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Understanding Texas Child Support

The state of Texas expects all parents to financially support their children, whether they have custody of those children or not. Child support suits can come up in a number of ways. Anytime a divorce involves children, the court will include a child support order as part of the divorce decree. For children born outside of marriage, however, one parent may still ask the court for a support order. Such cases may require a paternity action.

No matter how your child support case comes about, you need a skilled lawyer who can help you understand the process and your options. At McClimon Family Law, we are here to advocate for your rights and make sure you have the answers you need to your questions. Attorney Caroline McClimon has over a decade of Texas legal experience and has handled over 100 contested divorce and custody cases.

What Factors Help Determine Child Support?

The law provides guidelines for the court to follow when determining child support. In most cases, children spend more time living with one parent than the other. The court considers that person the custodial parent and the other parent the noncustodial parent. The noncustodial parent will likely be the one paying child support to the custodial parent, who provides for the child through housing, food and other essentials.

In order to calculate child support, the court follows these guidelines:

  • For one child, 20% of the paying parent’s net income
  • For two children, 25% of the paying parent’s net income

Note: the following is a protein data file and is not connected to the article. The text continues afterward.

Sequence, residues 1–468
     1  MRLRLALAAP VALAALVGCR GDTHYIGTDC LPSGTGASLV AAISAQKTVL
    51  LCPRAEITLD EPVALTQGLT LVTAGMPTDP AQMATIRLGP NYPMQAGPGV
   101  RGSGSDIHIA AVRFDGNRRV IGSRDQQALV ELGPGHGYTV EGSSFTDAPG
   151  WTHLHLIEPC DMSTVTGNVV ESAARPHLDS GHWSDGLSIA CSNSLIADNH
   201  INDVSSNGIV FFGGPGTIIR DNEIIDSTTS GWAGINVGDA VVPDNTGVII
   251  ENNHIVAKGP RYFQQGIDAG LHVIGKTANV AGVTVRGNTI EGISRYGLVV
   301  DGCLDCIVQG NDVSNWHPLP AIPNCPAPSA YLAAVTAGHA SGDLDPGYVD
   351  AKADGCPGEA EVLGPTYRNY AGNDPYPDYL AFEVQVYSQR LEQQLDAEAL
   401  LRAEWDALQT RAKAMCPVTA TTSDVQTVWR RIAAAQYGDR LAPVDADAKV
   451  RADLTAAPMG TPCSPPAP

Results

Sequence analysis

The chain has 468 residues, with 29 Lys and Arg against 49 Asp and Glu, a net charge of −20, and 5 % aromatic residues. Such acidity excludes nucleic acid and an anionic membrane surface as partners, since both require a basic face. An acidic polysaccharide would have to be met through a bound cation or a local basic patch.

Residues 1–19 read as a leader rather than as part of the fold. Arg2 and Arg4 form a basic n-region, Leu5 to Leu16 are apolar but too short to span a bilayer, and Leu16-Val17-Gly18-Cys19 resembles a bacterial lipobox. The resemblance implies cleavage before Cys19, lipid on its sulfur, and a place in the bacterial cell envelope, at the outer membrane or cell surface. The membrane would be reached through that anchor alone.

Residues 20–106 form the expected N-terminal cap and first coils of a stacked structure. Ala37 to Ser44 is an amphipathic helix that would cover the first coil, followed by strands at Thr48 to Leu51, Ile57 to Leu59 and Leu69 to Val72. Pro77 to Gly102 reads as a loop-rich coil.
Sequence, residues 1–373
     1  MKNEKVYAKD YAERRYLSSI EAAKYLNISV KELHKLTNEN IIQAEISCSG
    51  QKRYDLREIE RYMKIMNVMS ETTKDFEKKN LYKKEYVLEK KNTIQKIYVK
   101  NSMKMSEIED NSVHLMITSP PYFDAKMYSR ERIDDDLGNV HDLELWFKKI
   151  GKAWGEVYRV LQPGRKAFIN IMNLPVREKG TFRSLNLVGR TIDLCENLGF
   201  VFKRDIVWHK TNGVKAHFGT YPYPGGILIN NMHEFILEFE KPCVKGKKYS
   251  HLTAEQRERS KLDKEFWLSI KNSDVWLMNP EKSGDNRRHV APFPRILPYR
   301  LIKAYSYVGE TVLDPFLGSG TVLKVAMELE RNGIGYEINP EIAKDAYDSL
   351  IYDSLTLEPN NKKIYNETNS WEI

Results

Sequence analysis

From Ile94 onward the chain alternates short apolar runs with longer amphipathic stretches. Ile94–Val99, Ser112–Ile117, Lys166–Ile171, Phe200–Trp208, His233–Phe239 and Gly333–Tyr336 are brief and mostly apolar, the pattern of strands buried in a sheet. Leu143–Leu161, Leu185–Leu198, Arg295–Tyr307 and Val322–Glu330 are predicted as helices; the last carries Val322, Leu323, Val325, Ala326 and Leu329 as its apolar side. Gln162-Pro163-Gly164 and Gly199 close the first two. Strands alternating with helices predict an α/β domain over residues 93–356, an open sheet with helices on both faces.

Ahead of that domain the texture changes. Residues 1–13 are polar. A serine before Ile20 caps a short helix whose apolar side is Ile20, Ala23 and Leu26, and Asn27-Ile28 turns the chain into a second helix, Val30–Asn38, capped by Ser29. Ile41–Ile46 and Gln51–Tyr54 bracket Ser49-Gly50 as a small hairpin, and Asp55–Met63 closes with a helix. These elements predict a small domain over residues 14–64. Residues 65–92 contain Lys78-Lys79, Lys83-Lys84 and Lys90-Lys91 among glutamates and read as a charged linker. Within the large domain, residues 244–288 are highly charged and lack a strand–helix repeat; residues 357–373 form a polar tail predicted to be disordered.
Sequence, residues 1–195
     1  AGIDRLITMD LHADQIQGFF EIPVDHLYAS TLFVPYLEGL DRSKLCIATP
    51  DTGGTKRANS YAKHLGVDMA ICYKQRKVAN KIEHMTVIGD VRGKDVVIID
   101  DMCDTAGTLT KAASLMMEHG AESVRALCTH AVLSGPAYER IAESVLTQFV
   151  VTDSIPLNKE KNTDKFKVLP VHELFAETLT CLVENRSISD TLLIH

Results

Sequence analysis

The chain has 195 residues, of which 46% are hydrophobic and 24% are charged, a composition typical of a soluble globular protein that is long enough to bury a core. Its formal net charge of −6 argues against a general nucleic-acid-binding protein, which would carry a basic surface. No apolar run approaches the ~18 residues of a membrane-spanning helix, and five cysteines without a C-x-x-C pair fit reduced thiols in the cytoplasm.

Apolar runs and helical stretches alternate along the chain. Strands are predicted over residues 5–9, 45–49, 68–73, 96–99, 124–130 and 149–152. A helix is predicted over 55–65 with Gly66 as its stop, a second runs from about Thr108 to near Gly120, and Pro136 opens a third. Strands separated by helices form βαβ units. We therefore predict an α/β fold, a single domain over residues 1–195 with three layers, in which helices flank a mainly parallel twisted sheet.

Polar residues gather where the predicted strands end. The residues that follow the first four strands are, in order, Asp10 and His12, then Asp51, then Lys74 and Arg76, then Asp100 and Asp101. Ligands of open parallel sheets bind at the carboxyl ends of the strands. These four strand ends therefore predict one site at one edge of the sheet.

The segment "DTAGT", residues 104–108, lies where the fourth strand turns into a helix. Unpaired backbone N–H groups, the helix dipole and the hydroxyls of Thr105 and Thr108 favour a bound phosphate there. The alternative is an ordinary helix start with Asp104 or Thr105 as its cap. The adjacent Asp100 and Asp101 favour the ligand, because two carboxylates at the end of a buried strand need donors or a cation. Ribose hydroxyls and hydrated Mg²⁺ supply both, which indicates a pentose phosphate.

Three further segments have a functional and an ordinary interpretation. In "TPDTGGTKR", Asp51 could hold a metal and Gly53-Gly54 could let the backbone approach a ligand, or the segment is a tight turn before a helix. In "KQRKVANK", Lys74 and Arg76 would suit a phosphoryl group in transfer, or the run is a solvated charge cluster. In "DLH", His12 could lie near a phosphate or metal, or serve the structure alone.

• For three children, 30% of the paying parent’s net income
  • For four children, 35% of the paying parent’s net income

The court will not calculate payments based on more than $8,550, even if the paying parent’s monthly net income is more than that unless the court finds a proven need for a higher amount. The court can deviate from these guidelines if it finds evidence to support that deviation. The court may also order a parent to pay or share the cost of medical insurance coverage for the child.

In addition, if the court finds that the noncustodial parent is purposefully unemployed or underemployed, it can still require that parent to pay support based on his or her earning potential, rather than net income.

Can Child Support Change Over Time?

When major life events create significant changes to your financial situation or that of your ex-spouse, you may need to modify your child support order. Common reasons may include:

  • Becoming unemployed
  • A significant increase in income
  • A major change in child custody
  • A serious illness or accident

We can help you decide if a modification is needed in your case. In addition, if you need assistance with the enforcement of a court order, we can assist you with the steps you must take.

Discuss Your Child Support Questions With Us

Child support can be a confusing topic for many parents. Let us answer your questions. To schedule an appointment at our Smithville office, please call 888-712-4804 or fill out our online contact form.